The Bread of Angels: A Memoir of Love and Faith in Damascus

Overview

A gorgeous, romantic memoir of a young woman's year in Damascus, where she studied the Muslim Jesus, fled to an ancient desert monastery to heal her past, and unexpectedly found herself in love with a French novice monk.

In 2004, twenty-seven-year-old Stephanie Saldaña traveled to Damascus, Syria, on a Fulbright fellowship to study the role of the prophet Jesus in Islam. She was also fleeing a broken heart. It was not an ideal time to be an ...

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Overview

A gorgeous, romantic memoir of a young woman's year in Damascus, where she studied the Muslim Jesus, fled to an ancient desert monastery to heal her past, and unexpectedly found herself in love with a French novice monk.

In 2004, twenty-seven-year-old Stephanie Saldaña traveled to Damascus, Syria, on a Fulbright fellowship to study the role of the prophet Jesus in Islam. She was also fleeing a broken heart. It was not an ideal time to be an American in the Middle East-the United States had recently invaded Iraq, refugees were flooding into Damascus, and dark rumors swirled that Syria might be next to come under American attack. Miserable and lonely, Stephanie left Damascus to visit an ancient Christian monastery carved into the desert cliffs. In that beautiful, austere setting, she confronted her wavering faith and met Frederic, a young French novice monk. As they set out to explore the mysteries entwining Christianity and Islam, Stephanie slowly realized that she had found God again-and that she was in love with Frederic. But would Frederic choose God or Stephanie?

The Bread of Angels sweeps readers into the violent extremes of a war-torn region and renews their belief in faith, self-discovery, and the possibility of true love.

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  • Stephanie Saldana
    Stephanie Saldana  

Editorial Reviews

Publishers Weekly
With a family history of untimely death and madness, Saldana easily took to a career of danger journalism, reporting from risky locales. In a deliberate attempt to stop courting danger, Saldana attempted a normal life at Harvard Divinity School. When the love affair that had provided her a sense of normalcy ended, she opted to take the Fulbright scholarship she had won to study the Muslim Jesus in Damascus, arriving in Syria in 2004 amid the post-9/11 war in Iraq. The tension of American foreign policy and Saldana’s own vivid memories of death and destruction witnessed during her reporting life earlier in the Middle East haunted her, particularly when she embarked upon the Catholic rite of spiritual exercises at the Syrian desert monastery of Mar Musa. In lovely prose and with elements of foreshadowing, Saldana shares her struggles to become religious again and overcome feelings that God has abandoned her. Touches of melodrama weigh down an otherwise gorgeous and enlightening read, as Saldana’s scholarly knowledge of Christianity, Islam, and Judaism subtly infuse her story. An Eat, Pray, Love for the intellectual set, Saldana’s beautiful memoir should not be missed. (Feb.)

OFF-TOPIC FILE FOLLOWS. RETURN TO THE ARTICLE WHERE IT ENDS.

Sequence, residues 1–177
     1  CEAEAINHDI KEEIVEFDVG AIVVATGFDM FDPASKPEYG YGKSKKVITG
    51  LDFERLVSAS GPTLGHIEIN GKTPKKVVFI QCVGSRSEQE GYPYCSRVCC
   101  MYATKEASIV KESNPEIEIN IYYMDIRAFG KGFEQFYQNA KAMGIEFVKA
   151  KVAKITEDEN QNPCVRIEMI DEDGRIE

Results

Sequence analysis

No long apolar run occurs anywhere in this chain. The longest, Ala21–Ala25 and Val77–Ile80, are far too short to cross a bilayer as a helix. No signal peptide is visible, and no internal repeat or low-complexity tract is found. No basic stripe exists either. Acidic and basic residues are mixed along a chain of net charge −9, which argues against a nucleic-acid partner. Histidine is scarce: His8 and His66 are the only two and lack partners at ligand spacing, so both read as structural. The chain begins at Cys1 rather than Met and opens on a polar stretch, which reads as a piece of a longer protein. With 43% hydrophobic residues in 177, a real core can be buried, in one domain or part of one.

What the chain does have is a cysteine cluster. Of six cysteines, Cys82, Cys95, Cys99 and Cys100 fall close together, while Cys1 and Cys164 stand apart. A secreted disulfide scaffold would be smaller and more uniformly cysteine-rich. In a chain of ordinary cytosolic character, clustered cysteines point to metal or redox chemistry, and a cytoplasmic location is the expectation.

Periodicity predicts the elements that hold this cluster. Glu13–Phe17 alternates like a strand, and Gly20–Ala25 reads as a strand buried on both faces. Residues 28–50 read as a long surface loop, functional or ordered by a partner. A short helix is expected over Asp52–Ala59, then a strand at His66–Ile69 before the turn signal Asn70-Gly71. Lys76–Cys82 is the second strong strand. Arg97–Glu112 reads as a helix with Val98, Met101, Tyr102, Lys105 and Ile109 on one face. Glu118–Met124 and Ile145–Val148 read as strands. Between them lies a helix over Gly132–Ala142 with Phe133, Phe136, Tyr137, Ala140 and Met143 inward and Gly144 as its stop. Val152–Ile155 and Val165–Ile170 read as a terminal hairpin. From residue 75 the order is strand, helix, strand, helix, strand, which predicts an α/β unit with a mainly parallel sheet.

Kirkus Reviews
A pious, studious Fulbright scholar's year in Syria, learning about Christianity from the Muslim point of view. In 2004, Saldana arrived in Damascus, where she learned Arabic, studied the Quran, mingled with the micro-societies inhabiting the old city and frequented the Mar Musa monastery, where she rekindled her Christian faith. Raised in San Antonio, Texas, to a half-Mexican Catholic family with a history of manic depression and violence, Saldana fled to the Middle East after college, where she felt strangely safer. She reinvented herself as a journalist in Lebanon, before moving back stateside to attend Harvard Divinity School. The author arrived in Damascus during the second Iraq war, as U.S. bombs were dropping on Baghdad, yet she received no hostility from the denizens of the Christian quarter Bab Touma, where she found a room off Straight Street. She happily ensconced herself in this "neighborhood of exiles," full of Assyrians, Palestinians and Iraqis fleeing violence, and befriended the shopkeepers, recognizing soon that her medieval Arabic was unusable and laughable. Yet taking a practical language class at Damascus University only yielded tedious sentences full of current terminology like "guns," "bombs," "politics" and "explosion." A month's stint undergoing rigorous spiritual exercises at the Mar Musa monastery plunged her into meditation on what her calling was-to become a nun, or a writer? Ultimately, she resolved to engage in the "messiness" of life, and fell in love with a young French monk, Frederic. In the second half of her memoir, the author chronicles her apprenticeship under a famous teacher of the Quran. This "lesson in personal humility" is the most affecting partof the book, and the American author's reading of the Quran in Arabic proves gracious and moving. A beautifully woven exploration of language and spirituality. Agent: Judy Heiblum/Sterling Lord Literistic